A few years ago I found myself in Nashville for a conference. The functions ended on Saturday night but my flight home didn’t leave until late Sunday. I had a day to myself and went exploring. My hotel was in Brentwood so I drove through the neighborhoods and marveled at the insane variety of McMansions before heading downtown.
Before visiting the Ryman and walking down Broadway, I needed to eat. I had recently watched the Nashville episode of Foo Fighter’s Sonic Highways and was enthralled with the Southern Ground recording studio. It is located in a cool, old church that merited a drive-by. Luckily for me there was a pizza place right next door.
I walked into DiSano Pizza Bakery and was a little overwhelmed by the choices. I ordered a small Capricciosa pizza and went into the dining room. In back there is a crew of people kneading and tossing dough, adding sauce and toppings, and maintaining the cooking pizzas in the three large fire-burning ovens. While the team quietly worked on my pizza, I explored their garlic and oil bar.
There were different kinds of olive oil, garlic, salts, peppers, parmesan cheese — everything needed to make the perfect crust-dipping concoction. As I mixed my various potions, I imagined Zac Brown walking in from his studio doing the same. My guess is he would go heavy on the garlic and pepper. I did the same. My breath would be kicking for the rest of the day but I didn’t care.
The pizza arrived on a tray and I was in heaven. I had nowhere to be for hours and an 11” pizza to myself. I chowed down. It was delicious. When I was done, I took my garlic-breath on to the next adventure.
A year or so later I found myself preparing to return to Nashville for another conference. This time, instead of leaving things to chance, I knew I would be visiting DiSano Pizza Bakery. In my planning, I discovered that DiSano serves authentic Neapolitan pizza. Naples, Italy invented pizza: thin crust, light sauce, rich flavors. DiSano carries the tradition here in the states. There is even an official certification of authentic Neapolitan pizza and at the time I visited, DiSano was on the list. Here in Florida there is only one certified restaurant in the entire state and it is, of course, found at Epcot’s version of Italy.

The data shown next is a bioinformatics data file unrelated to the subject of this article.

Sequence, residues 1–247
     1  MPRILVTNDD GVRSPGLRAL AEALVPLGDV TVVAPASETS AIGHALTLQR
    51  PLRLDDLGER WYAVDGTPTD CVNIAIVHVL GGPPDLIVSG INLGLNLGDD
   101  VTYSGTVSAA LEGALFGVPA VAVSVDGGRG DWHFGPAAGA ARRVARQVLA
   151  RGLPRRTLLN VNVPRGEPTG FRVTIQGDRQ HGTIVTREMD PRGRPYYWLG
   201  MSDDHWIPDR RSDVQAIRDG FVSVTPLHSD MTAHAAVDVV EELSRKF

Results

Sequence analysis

Not being a Sunday afternoon, the restaurant was packed. Valet parking out front. A college sorority date-function in the private room — a pizza place with a private banquet room. The team of workers in the back were a well-oiled machine. Dough was flying from one station across the room to another as it was requested. Pizzas were being served to tables and boxed for delivery orders. It was a sight to see.
The second time I visited, the pizza was just as I had remembered it. Slight char on the crust accentuated by the garlic and oil combination I dipped it in. The flavors were wonderful.
Authentic Neapolitan pizza isn’t easy to come by. It’s not something that the major chains serve and, when you think of pizza, it is not what comes to mind… until you’ve tried it. Then it’s very hard to shake the flavors. Maybe someday I’ll find myself in Naples and try the real stuff. Until then I’ll settle for DiSano’s the next time I’m in Nashville and Via Napoli when I’m at Epcot.
Photo credit: the author.